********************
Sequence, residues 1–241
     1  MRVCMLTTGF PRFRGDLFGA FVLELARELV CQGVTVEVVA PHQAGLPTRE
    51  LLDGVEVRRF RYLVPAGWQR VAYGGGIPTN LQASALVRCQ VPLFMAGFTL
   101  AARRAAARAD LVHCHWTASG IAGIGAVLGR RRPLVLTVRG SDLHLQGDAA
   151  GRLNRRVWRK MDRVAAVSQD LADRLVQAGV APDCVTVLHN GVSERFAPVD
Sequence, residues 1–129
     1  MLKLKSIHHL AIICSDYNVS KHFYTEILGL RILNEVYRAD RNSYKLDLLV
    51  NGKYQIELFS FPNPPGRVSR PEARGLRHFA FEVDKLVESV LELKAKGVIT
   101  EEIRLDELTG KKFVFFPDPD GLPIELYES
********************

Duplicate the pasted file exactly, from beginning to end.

Sequence, residues 1–241
     1  MRVCMLTTGF PRFRGDLFGA FVLELARELV CQGVTVEVVA PHQAGLPTRE
    51  LLDGVEVRRF RYLVPAGWQR VAYGGGIPTN LQASALVRCQ VPLFMAGFTL
   101  AARRAAARAD LVHCHWTASG IAGIGAVLGR RRPLVLTVRG SDLHLQGDAA
   151  GRLNRRVWRK MDRVAAVSQD LADRLVQAGV APDCVTVLHN GVSERFAPVD
Sequence, residues 1–129
     1  MLKLKSIHHL AIICSDYNVS KHFYTEILGL RILNEVYRAD RNSYKLDLLV
    51  NGKYQIELFS FPNPPGRVSR PEARGLRHFA FEVDKLVESV LELKAKGVIT
   101  EEIRLDELTG KKFVFFPDPD GLPIELYES